Last week (31st May - 2 June) the Institute for the Study of the Ancient World, NYU, hosted a workshop on linked data in the ancient world. Pelagios were well represented, as Leif kicked off the invited presentations with a discussion of the difference between the semantic web and linked data, while I brought up the rear with a personal reflection on what the evolving digital world might mean for a Classical Studies researcher or student. (All presentations can be found here.)
Here I’d like to present 5 take-home points:
1. Of the different approaches to tying together resources on the web, linked open data seems the best bet, and not just because that's what Pelagios is doing! Linked open data uses a decentralised model in which participants agree on certain stable identifiers for things (such as places or names) and a way of mapping their data to them. So, for example, Pelagios uses Pleiades identifiers for ancient places and something known as RDF triples for expressing the relationship. We find that, by doing this, authority is diffused through the Pelagios ecosystem, meaning that there is no single point of failure (unless Pleiades fails, and, if that happens, we're all screwed anyway!) and that the extent to which projects annotate their data depends on the extent to which they want to hook into the network. Above all, as Sean Gillies, Pleiades’ head developer, has already emphasised in a previous post, it means doing what works.
2. Ok, but what difference does it make if your data is linked? Well, one great example provided at LAWDI by Andrew Meadows of Nomisma concerned coins. Within the world of linked data, it's now possible to discover, map and analyse not only find-spots (where the coins are found), but also where the same coins were minted and even the mines from which their metals derive. These data provide hitherto unparalleled access into the political and cultural deep structure that underpinned all kinds of interactions in the ancient world.
3. At one level, this kind of work represents a paradigm shift of sorts. The lone humanities scholar could hardly be expected to provide and analyse all these data by him or herself; linked data presupposes cooperation. But there is also a bigger point. If I think about my own experiences in Hestia, GAP and now Pelagios, it’s not only the case that each project has led to further, and more involved, collaboration; at each point new skills or tools have been needed, we have found the person to carry out that work and brought them in on the team. Linking data means, when all is said and done, linking with people. Which is fun!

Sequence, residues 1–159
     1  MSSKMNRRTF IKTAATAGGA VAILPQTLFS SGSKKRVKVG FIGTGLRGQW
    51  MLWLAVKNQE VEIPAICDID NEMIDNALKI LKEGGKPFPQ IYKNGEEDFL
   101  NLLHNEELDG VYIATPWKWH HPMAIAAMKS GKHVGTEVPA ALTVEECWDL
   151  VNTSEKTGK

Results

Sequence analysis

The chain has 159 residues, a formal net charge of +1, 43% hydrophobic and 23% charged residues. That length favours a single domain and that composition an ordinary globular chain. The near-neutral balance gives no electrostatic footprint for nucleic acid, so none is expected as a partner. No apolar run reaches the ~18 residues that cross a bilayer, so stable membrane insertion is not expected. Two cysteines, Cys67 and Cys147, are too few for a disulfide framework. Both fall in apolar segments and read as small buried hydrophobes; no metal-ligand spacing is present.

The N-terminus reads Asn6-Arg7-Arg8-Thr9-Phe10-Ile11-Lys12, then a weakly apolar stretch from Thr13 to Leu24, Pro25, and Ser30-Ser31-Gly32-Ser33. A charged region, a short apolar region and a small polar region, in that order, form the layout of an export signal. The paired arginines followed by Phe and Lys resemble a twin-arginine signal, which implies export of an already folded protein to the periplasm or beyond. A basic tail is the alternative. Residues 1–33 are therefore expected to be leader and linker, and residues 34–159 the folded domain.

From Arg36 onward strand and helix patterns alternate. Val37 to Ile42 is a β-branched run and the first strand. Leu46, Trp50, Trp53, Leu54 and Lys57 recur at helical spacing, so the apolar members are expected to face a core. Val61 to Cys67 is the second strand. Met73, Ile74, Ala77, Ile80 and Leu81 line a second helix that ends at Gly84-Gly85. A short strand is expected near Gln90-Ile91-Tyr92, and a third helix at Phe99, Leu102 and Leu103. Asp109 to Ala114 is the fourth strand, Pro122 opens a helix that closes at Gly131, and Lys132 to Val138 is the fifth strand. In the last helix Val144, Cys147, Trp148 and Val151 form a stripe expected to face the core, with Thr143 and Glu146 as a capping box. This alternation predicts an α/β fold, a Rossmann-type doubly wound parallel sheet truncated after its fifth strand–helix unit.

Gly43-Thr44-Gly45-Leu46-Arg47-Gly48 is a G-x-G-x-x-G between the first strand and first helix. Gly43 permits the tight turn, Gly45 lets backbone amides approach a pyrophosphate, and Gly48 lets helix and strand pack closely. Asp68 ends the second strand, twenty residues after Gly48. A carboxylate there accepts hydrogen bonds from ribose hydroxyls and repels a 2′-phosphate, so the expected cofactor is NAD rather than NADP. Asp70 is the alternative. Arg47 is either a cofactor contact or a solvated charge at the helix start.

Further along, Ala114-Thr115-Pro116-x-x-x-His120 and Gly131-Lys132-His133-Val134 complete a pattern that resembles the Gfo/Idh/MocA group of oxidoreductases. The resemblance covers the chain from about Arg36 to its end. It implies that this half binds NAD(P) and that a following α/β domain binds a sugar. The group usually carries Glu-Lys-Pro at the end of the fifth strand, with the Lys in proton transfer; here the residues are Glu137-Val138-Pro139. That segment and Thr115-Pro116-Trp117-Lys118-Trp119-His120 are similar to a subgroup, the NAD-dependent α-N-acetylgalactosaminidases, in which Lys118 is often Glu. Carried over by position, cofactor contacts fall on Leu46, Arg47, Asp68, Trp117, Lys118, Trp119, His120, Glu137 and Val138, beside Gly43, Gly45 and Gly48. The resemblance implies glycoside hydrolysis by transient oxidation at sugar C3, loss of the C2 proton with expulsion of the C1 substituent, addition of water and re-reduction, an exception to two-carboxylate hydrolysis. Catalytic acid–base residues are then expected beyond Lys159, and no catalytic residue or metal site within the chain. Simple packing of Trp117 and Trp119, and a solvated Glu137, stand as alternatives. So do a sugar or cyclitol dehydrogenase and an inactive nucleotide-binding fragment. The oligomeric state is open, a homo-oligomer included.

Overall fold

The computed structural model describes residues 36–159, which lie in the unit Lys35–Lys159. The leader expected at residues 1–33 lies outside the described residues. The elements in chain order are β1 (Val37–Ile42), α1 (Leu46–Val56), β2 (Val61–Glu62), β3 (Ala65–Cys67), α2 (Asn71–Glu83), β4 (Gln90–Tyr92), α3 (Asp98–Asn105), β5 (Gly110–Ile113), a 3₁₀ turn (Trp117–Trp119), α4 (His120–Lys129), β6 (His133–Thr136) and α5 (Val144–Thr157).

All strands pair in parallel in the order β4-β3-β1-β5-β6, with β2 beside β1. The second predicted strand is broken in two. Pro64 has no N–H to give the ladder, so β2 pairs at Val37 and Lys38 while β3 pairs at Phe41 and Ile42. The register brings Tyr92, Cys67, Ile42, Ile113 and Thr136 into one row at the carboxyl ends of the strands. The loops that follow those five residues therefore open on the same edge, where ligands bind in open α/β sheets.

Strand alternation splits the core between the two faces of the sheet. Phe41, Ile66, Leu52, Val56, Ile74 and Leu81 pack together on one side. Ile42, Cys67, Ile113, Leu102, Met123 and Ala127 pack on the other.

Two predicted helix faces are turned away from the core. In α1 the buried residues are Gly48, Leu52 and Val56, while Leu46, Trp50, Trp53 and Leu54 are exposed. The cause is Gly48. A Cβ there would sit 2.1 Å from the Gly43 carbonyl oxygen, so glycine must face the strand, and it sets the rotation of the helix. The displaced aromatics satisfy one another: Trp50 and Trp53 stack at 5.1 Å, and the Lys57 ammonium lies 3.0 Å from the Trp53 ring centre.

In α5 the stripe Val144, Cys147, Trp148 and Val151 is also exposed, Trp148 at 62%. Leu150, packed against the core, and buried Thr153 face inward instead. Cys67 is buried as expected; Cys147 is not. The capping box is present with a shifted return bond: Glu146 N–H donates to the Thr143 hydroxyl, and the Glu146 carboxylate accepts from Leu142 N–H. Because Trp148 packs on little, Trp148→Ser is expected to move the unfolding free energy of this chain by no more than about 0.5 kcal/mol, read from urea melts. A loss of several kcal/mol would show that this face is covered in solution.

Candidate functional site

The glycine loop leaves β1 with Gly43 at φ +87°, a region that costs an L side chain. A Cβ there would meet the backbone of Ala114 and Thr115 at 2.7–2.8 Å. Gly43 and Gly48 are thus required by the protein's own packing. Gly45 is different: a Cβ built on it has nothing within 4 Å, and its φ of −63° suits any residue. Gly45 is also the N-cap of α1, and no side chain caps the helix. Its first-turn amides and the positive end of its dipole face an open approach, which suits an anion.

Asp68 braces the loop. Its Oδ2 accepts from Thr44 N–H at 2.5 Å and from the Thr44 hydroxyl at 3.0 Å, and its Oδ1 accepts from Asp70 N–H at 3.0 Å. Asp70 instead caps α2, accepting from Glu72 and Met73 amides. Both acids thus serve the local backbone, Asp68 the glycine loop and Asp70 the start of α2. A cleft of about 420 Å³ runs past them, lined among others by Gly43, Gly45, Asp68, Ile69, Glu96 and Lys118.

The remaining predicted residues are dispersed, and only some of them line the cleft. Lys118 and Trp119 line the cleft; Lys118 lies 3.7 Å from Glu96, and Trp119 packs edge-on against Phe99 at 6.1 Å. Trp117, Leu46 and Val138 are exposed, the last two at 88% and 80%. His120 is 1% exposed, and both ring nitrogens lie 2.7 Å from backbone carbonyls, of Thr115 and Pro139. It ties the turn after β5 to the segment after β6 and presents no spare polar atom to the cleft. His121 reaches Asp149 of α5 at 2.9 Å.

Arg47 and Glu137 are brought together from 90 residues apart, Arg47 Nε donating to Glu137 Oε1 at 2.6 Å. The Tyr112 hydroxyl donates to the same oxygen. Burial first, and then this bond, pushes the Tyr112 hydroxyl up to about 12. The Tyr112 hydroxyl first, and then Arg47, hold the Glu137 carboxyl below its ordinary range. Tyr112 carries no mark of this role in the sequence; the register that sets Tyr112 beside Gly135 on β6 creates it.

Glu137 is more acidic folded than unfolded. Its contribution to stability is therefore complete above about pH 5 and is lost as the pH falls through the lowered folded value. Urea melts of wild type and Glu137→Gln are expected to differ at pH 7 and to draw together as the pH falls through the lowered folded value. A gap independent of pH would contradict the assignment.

4. While formal collaborations are not the usual humanistic way of doing things, linking data is what scholars have been doing all the time, as evident in footnoting. But scholarship is not only about referring to some other data of some kind; the best scholars chase up the connections. So, for example, the late, great, Oxford don, Don Fowler, writes (in the chapter “On the Shoulders of Giants” of his book Roman Constructions, Oxford, 2000, p.116):
“Classicists have always been concerned with ‘parallels’ – with what goes after the magic word ‘cf.’... What has not been clear with the traditional citation of parallel passages is what the point of the activity is, how the parallels affect the interpretation of the text.”
With this abbreviation “cf.”, which derives from the Latin conferre, Fowler plays upon its meaning to compare or “to bring together”. Imagine reading a footnote and being able to check the ancient source or modern scholar cited, or find out what other materials (images, documents) relate to the place or person under investigation, simply by clicking on a link. This might be blue- or pie-in-the-sky thinking for present publications, but it will be soon possible in ISAW papers, where individual contributions will be identified down to the paragraph level, meaning that any paragraph can be cited, or tweeted, at will. Reading is going get a lot more interactive.
5. Finally, this idea of linked open data is a powerful metaphor not only for thinking about our own world (and especially the internet) but also for approaching the ancient world. At the beginning of his enquiry (‘historia’) into why the Greeks and Persians came into conflict, Herodotus describes how he ‘came upon towns of men both small and great alike, for of the places that were once great, most have now become small, while those that were great in my time were small before’ (1.5.3). Like an Odysseus wandering the seas and coming to know the minds of many men (Homer, Odyssey 1.3), Herodotus writes about a world in which a people forcibly relocated to Persia (claim to) ultimately derive from refugees from Troy (the Paeonians, 5.13), where places as far flung as Marseilles and Cyprus are brought together for comparing the meaning of a word (5.9), and where the river Ister (Danube) and Nile frame the Histories’ geography (2.26, 33-34; 4.50, 53). In a world that is linked together in a myriad of different ways, investigations require making myriad uses of connections. Herodotus would have approved.